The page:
New York, 1899:
Chava is a golem, a creature made of clay, brought to life by a Jewish rabbi. When her master dies on the voyage from Poland, she arrives alone in an unknown city.
Ahmad is a djinni, a being of fire, trapped from centuries and brought back to life by Arbeely, an impoverished tinsmith who invites him to stay in his workshop in Lower Manhattan.
Together, experiencing freedom for the first time, they form the most unlikely of friendships. But a powerful threat will soon test their bond, driving them back into their own worlds and forcing them to make a fateful choice.
I seem to remember hearing Regan (@peruseproject) mention this book but I can’t remember when or where.
So when it caught my eye at the bookstore, I decided to read the back (which you just read as well) and obviously took the book home. I just can’t resist historical fantasy..
As the blurb said, this story follows Chava, a woman made of clay and Ahmad, a djinni. It’s funny that the blurb mentions these names because they are not their real names. Chava didn’t have a name when she arrived in New York and Ahmad is not the djinni’s real name. So it’s a bit silly to hold on to those names like that, to me they were always the golem and the djinni.
Next to the fantasy elements, this book talks a lot about immigration. People travelled to New York to earn more money so they could send it home to their family, or to start over completely. Almost none of them spoke English and they were all scared. Imagine arriving at this huge city, where you don’t know anyone and you can’t ask for help because nobody will understand what you’re saying. In the book there is a Jewish shelter where newcomers can stay for five days so they can find a job and rest from the crossing, but after those five days they have to leave.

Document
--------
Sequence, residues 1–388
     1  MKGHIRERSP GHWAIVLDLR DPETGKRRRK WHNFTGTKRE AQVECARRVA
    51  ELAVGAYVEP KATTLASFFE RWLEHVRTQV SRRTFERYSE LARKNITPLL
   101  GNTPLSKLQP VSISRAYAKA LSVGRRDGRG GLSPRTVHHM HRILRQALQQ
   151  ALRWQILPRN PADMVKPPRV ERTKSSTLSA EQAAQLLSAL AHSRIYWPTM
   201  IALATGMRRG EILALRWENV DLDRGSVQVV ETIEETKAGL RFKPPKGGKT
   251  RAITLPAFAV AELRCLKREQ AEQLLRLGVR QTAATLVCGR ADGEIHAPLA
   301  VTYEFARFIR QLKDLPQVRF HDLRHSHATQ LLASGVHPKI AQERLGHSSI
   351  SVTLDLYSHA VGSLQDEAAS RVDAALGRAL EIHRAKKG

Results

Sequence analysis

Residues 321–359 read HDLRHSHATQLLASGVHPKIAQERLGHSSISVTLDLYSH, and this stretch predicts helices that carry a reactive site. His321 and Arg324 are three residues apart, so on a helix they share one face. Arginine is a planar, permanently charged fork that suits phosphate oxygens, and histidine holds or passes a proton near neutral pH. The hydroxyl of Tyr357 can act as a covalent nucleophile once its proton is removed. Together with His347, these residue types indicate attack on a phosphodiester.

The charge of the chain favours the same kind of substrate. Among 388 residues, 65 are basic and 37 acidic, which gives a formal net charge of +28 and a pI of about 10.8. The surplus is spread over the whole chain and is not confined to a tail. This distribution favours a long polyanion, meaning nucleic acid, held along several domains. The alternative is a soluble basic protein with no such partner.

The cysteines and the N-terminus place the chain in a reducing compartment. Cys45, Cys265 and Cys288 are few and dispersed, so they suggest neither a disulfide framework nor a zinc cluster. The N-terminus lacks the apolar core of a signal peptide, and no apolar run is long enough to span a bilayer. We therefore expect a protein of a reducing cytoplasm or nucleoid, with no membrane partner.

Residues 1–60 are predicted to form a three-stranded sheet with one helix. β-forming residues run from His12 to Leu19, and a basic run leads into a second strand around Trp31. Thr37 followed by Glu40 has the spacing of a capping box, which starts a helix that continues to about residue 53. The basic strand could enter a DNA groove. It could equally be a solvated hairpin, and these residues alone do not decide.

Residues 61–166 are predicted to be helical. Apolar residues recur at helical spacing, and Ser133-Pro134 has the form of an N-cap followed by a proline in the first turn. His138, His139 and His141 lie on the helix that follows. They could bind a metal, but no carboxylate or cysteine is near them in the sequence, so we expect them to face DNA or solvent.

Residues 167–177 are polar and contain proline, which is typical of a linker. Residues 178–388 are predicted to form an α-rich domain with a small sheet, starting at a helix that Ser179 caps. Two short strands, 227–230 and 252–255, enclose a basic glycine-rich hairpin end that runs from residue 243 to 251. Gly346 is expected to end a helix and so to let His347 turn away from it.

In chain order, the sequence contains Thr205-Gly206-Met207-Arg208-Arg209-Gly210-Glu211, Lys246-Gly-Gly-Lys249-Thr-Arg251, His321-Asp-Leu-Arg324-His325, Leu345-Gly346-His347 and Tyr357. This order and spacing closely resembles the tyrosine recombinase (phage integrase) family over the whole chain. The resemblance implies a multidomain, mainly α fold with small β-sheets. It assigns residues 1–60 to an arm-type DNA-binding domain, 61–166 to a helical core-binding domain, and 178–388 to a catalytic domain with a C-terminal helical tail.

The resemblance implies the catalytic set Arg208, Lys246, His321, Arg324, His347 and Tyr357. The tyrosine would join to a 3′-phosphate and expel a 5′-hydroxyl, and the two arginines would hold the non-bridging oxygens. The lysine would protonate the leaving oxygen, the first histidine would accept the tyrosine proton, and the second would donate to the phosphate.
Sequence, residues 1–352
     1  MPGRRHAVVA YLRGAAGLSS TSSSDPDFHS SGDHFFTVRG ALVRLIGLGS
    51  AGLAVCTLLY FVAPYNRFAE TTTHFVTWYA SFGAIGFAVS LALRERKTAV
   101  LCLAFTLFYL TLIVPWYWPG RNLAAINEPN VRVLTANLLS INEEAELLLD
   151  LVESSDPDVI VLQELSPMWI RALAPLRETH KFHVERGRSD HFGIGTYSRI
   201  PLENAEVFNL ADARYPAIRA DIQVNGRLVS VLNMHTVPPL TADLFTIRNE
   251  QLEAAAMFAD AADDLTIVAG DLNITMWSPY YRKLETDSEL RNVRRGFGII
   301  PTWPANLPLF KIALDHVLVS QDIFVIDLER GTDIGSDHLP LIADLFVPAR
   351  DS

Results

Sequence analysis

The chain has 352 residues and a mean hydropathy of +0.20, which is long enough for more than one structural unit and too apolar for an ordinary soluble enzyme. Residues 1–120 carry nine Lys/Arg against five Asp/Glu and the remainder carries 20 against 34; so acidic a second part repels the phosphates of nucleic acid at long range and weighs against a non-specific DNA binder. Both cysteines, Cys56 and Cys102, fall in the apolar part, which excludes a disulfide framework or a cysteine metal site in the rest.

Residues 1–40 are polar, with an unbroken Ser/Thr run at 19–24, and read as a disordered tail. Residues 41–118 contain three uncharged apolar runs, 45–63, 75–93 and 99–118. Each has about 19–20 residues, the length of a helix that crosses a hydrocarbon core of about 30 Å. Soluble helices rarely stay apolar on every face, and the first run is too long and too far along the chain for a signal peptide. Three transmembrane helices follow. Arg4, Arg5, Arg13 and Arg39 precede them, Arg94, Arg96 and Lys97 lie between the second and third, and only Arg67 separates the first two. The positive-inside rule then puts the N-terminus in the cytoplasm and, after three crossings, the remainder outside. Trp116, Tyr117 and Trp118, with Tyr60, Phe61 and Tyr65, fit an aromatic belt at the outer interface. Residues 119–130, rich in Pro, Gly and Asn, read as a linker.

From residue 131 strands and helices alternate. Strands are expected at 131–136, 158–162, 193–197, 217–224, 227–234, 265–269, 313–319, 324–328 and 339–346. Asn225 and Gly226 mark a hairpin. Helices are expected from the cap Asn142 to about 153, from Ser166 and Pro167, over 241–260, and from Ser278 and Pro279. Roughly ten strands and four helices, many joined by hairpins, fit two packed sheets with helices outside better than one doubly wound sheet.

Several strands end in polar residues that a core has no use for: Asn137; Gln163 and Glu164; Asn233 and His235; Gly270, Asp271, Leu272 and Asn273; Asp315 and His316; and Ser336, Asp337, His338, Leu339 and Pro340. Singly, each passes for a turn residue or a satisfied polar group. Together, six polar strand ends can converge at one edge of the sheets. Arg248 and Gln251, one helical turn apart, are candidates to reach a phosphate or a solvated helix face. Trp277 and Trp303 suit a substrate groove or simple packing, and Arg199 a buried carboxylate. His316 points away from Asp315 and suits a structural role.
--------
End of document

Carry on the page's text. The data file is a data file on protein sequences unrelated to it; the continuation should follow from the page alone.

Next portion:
Reading this, I really felt their fear for the future, the longing for their family back home. It’s an accomplishment to put these feelings in words.
What I really loved was the fact that there are actually many more main characters, other then the golem and the djinni and that is what makes this book so amazing. You get to know all these people with their problems and fears, their history and how they are related to either the golem or the djinni.
This is a big book and it doesn’t have a lot of action in it which I didn’t mind at all. The story-telling was great with lots of details. I could imagine myself walking around New York during the turn of the century. It gave me the same feeling as when I was reading The Night Circus, so if you liked that, you’ll love this!
The only reason why I’m not giving it five stars is because of the ending. While reading the book, it didn’t feel as if it was leading up to something, it was a slow-paced walk through New York, the desert, Poland,… and then suddenly there’s this problem. I have to admit, I found it difficult to put my head around it. I don’t want to spoil anything so I won’t go into detail here but once you read it, maybe you’ll understand. Or maybe you’ll think it’s a great twist. It just didn’t sit well with me. It was a little bit too easy and it all happened really fast. For a book this size, the ending… oh, I don’t know how to explain.. I just didn’t like it.
The rest of the book is still so good that it deserves those four stars, believe me. It’s magical and it all feels real, even though you’re reading about a woman made of clay and a fire spirit, they were flawed and scared but they gave each other hope. I really, really, really liked it. It’s one of the best books I read all year.
I’m glad I got to read it now, when the days are shorter and darker, I think it added to the magic.
So if you’re looking for a great, slow read to enjoy during these cold, winter days, you should really pick this one up.
I’m so happy to have read it and I’m pretty sure I’ll reread it in the future (which is a huge thing for me because I’m not a rereader)
Seriously, go buy it, you won’t regret it!
Also! Here is the book trailer from Harper Collins.
More background information about the characters and the setting can be found on Helene Wecker’s website, I love when authors give you extra information 🙂 It makes it more real.
The cover I used, I found on Pinterest.